By T. H. Barrett
Wisdom of the historical past of faith lower than the T`ang Dynasty (A.D. 618-907) has previously been restricted at most sensible. This scholarly paintings fills very important gaps often wisdom of Taoism ("China's personal larger religion"), and its roles in China's social and political lifestyles through the T'ang Dynasty interval, the golden age of chinese language background.
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Extra resources for Taoism Under the T'ang: Religion and Empire During a Golden Age of Chinese History
7 1 Early in the following year he had a temple built for the worship of Lao-tzu and he is known to have supported a new construction project at one important provincial site as well. 72 In the main capital the resi dences of two daughters of Chung-tsung were converted to re ligious use, in one case after a son of the princess became a Taoist priest. 73 On top of all this the emperor then ordered that new and particularly sumptuous establishments should be provided for two of his own daughters, who were to be ordained Taoists nuns.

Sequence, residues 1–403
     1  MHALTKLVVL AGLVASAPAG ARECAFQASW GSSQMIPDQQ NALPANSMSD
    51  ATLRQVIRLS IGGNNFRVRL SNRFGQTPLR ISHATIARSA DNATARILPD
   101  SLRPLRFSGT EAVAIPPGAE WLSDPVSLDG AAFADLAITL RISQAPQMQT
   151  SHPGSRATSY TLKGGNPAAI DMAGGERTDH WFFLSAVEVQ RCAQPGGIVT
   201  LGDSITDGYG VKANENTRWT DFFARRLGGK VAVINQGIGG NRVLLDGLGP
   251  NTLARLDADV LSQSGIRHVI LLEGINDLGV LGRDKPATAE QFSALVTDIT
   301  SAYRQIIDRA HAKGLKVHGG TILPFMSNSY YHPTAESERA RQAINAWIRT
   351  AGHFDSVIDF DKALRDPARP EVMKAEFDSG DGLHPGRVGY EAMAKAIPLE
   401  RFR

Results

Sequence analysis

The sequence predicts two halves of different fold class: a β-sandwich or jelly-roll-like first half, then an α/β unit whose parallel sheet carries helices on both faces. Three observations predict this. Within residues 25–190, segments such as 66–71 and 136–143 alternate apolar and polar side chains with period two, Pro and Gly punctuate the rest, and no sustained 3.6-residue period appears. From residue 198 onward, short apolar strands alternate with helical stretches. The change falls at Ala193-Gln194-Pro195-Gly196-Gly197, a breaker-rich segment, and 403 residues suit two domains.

I IO I n neither case do we hear of similar measures being taken to appease the B uddhists, nor yet in the following year, when up to fifteen Taoists were ordered to be ordained for each place in the empire where a cave, palace or mountain indicated a site numinous enough to require an altar. I i I References to the copying out and distribution of ten copies of the entire Taoist canon in 749 and a further five copies in 7 5 1 similarly seems to lO8 THY50, p. 865. I09 THY50, p. 88 1. llO II I TFYK54: 1 0b.
442-3. " 1 22 TTCL C 78, p. 445; Tf17(54: 1 2b. 123 Tf17(54: 1 7b. 1 24 R. des Rotours, Traite des fonctionnaires et traite de l'annee p. 1 4. 63 T A O I S M U N D E R TH E T 'A N G there; special provisions were already made in 742 prior to its renaming, and further steps were taken in 745 , 749 , 75 1 and 754. l26 The Tai-ch'ing kung seems to have been particularly favoured also by the unseen powers supporting the Tang; appearances of Lao-tzu or other miracles are recorded as having taken place there in 745, 746 and 754, at which point the emperor ordered that these signs of special interest should be the occasion of a disbursement of gifts to the Taoist priests serving there.
Taoism Under the T'ang: Religion and Empire During a Golden Age of Chinese History by T. H. Barrett